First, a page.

Accurate evaluation and better major leaguers are the same goal.

Not exactly. Accuracy incorporates variance/risk. Standard low risk/return vs. high risk/return.

Isn't the point not what he has done, but how the age #### would change projections for him in his next, MLB record setting contract?

Sure. If Pujols will be 32 and you give him a 10-year contract, you're not the brightest GM on the block. If he's really 34, and you know it, and you give him a 10-year contract, you're an idiot.

Or no ... the point is that people around here keep talking about the iron law of mid-30s decline as if Pujols will be putting up 115 OPS+ soon and I keep pointing out it doesn't hold for great hitters. (Playing time decline might) Even if he is 2 years older than he claims, we should expect him to continue to hit at an elite level until about age 40.

By the way, minor correction. If really aged 23-33, Pujols would be 2nd to Bonds in the expansion era. My earlier number was Pujols OPS+ from 23-31 (forgot to do a separate search). Pujols is #1 in OPS+ age 21-31 in the expansion era.
   68. Swedish Chef Posted: November 22, 2011 at 08:12 PM (#3999607)
2. No I don't think it's easy which is why I think scouts are damn near useless. If all they can do is identify the Griffeys and ARODs with any accuracy, they're not much use.

Then you will have to explain how most of the talents are identified and taken in the first round if scouts bring nothing to the table.
   69. Toolsy McClutch Posted: November 22, 2011 at 10:13 PM (#3999733)
Yeah, I gotta disagree with Walt a bit here. I'm not involved in the game, but scouts can see if a "prospect" has correctable errors - say path to the ball in the OF, as opposed to non-correctable errors - say lack of foot speed. There are so many wrinkles on why a guy is good or bad in a certain area, it's what makes the job so tough. It's the wrinkles that push a guy up/down a few spots or rounds.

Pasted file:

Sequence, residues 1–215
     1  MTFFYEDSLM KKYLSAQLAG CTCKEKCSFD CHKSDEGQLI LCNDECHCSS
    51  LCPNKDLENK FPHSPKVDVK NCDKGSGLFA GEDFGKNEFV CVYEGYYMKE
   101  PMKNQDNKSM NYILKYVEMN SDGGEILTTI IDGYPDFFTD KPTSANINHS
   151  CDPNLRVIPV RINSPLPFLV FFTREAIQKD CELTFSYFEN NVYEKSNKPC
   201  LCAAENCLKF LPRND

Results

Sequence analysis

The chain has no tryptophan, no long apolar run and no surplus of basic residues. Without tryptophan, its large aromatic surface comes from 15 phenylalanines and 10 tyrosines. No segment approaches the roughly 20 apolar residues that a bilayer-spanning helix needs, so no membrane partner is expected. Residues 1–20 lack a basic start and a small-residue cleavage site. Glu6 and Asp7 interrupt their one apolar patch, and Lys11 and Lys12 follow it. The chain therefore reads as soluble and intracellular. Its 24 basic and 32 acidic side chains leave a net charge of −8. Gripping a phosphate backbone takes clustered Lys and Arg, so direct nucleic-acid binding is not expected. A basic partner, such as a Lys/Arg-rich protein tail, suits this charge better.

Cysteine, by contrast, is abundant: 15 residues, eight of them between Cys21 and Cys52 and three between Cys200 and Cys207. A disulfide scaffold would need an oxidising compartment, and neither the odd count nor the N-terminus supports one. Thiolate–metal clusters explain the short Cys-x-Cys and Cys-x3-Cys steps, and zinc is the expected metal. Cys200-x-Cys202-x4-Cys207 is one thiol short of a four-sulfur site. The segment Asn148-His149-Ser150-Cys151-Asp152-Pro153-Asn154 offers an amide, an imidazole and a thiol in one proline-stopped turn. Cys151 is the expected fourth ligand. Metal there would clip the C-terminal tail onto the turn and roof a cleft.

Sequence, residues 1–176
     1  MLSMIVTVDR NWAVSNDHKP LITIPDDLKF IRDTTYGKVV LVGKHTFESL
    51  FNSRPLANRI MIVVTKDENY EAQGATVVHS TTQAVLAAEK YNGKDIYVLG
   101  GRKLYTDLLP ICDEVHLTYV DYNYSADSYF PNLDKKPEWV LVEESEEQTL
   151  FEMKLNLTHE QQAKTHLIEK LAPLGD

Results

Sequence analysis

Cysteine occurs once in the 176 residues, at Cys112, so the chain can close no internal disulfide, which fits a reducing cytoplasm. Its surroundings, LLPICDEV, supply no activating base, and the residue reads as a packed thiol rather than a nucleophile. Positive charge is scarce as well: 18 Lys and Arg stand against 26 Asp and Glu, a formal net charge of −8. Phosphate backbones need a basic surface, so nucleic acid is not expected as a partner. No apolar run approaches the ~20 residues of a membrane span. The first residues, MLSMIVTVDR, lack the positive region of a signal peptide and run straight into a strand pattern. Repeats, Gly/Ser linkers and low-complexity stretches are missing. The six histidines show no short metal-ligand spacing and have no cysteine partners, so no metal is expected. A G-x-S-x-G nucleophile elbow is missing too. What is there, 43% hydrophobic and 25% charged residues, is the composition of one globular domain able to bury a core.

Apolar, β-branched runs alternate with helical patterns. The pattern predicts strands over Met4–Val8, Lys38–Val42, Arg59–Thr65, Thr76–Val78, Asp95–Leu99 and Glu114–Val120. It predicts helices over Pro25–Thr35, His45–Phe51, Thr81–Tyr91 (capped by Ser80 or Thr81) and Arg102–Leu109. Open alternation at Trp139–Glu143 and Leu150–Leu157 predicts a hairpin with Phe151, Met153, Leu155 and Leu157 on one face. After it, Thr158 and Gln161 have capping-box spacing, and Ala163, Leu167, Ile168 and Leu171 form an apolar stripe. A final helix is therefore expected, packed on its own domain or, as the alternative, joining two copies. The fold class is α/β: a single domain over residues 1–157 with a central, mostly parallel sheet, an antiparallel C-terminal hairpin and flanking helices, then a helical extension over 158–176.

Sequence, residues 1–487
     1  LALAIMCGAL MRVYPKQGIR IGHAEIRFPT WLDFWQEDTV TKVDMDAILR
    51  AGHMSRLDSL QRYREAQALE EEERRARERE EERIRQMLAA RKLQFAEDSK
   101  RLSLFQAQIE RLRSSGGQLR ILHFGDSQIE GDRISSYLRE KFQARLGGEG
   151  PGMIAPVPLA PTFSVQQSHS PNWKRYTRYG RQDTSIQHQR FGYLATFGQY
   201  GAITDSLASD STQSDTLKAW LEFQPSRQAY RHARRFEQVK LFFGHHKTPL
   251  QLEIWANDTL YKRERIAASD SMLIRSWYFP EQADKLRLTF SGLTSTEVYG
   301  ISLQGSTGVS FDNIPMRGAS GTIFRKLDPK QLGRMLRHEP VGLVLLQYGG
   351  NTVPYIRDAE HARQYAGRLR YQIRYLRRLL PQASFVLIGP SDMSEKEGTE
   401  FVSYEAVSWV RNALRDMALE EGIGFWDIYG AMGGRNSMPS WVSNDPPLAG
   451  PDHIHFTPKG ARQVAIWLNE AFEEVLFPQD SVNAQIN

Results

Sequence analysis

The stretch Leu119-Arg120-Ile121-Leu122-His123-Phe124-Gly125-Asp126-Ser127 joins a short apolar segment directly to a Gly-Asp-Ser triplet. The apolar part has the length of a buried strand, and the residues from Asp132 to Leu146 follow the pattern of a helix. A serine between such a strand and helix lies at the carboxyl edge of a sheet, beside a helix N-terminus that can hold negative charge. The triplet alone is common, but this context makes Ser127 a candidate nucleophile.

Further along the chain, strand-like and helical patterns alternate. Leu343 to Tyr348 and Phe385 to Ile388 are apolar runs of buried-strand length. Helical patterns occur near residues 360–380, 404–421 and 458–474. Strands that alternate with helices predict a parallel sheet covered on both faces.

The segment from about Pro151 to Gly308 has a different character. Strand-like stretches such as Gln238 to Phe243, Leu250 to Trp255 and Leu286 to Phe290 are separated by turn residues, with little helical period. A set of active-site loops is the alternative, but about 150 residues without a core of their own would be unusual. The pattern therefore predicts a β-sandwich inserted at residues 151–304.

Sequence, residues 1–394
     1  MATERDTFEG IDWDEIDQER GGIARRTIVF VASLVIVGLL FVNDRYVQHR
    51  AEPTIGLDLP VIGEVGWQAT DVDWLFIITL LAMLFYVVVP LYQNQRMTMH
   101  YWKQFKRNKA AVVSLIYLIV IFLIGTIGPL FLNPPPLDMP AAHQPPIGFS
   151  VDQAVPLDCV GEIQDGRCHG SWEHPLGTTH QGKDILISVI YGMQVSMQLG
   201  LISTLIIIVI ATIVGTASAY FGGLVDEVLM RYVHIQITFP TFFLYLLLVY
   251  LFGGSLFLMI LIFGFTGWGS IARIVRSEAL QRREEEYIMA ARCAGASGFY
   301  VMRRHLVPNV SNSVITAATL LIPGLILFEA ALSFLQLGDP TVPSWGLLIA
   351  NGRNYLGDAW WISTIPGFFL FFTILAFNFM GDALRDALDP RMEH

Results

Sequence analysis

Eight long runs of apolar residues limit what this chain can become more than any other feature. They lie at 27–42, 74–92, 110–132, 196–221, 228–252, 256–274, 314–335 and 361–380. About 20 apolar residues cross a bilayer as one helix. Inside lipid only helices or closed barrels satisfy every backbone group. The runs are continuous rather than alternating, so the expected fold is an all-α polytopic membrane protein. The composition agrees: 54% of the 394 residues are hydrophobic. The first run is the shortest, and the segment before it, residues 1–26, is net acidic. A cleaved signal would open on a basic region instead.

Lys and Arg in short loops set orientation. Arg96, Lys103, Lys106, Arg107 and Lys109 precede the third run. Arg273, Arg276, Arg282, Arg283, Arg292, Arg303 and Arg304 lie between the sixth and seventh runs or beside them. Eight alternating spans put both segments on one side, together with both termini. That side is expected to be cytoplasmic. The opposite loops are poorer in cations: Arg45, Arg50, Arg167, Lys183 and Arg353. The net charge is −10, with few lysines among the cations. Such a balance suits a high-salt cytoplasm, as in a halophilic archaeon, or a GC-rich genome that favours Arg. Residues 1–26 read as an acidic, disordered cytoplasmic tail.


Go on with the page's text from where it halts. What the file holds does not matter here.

I'm a stats guy, but if I was a GM I'd try to employ a large and seasoned scouting department.
   70. snapper (history's 42nd greatest monster) Posted: November 22, 2011 at 10:34 PM (#3999761)
I'm probably in the minority but, yes, I do think the government is that incompetent. Especially ICE.

Concur. Immigration has shown no ability to stop anyone from doing anything.
   71. Gonfalon Bubble Posted: November 22, 2011 at 10:40 PM (#3999767)
Even a driver's license or passport might not be enough if they look similar, or the pictures were old, e.g. a passport issued at age 5 isn't going to help you distinguish a 16 y.o. and an 18 y.o.

There's also a socioeconomic snag with some players. Example: no photos of Mariano Rivera as a child exist, because his family couldn't afford a camera.
   72. bunyon Posted: November 22, 2011 at 10:52 PM (#3999781)
There's also a socioeconomic snag with some players. Example: no photos of Mariano Rivera as a child exist, because his family couldn't afford a camera.

That, and the daguerrotype wasn't invented until the 1840s.
   73. Barry`s_Lazy_Boy Posted: November 22, 2011 at 11:10 PM (#3999796)
But I thought all the Dominicans proven to have lied about their age did it to immediately get signed by a scout? Are there any that lied about their age in order to emigrate to the US, play high school ball, and then get drafted? Since they want to avoid the draft, I bet it'd be hard to find a single example.

Pujols is Dominican, but he took a path no one else took.
   74. snapper (history's 42nd greatest monster) Posted: November 22, 2011 at 11:16 PM (#3999798)
But I thought all the Dominicans proven to have lied about their age did it to immediately get signed by a scout? Are there any that lied about their age in order to emigrate to the US, play high school ball, and then get drafted? Since they want to avoid the draft, I bet it'd be hard to find a single example.

Pujols is Dominican, but he took a path no one else took.


Maybe it wasn't all about baseball. What if he just wanted to go to HS? If he was 18, he'd have <2 years to graduate.

Call yourself 16, and you've got more time.
   75. MM1f Posted: November 22, 2011 at 11:30 PM (#3999813)
But I thought all the Dominicans proven to have lied about their age did it to immediately get signed by a scout? Are there any that lied about their age in order to emigrate to the US, play high school ball, and then get drafted? Since they want to avoid the draft, I bet it'd be hard to find a single example.


Danny Almonte? Kinda sorta?
   76. cardsfanboy Posted: November 23, 2011 at 03:49 AM (#3999923)
What the heck does this have to do with birthers? Nothing.

well, birthers by definition are ####### retards...therefore coming up with a new retarded theory is perfectly in line with their thinking.
   77. cardsfanboy Posted: November 23, 2011 at 03:53 AM (#3999924)
I'm a stats guy, but if I was a GM I'd try to employ a large and seasoned scouting department.


If you were a gm, contrary to the moneyball movie or book, you would be an idiot not to employ a large and seasoned scouting department.

Scouts are important no matter what some overhype machine tries to state, the argument is about their evaluation techniques that focus's on how they fit in jeans. Nobody with a lick of sense is saying, or will ever say scouts are unimportant.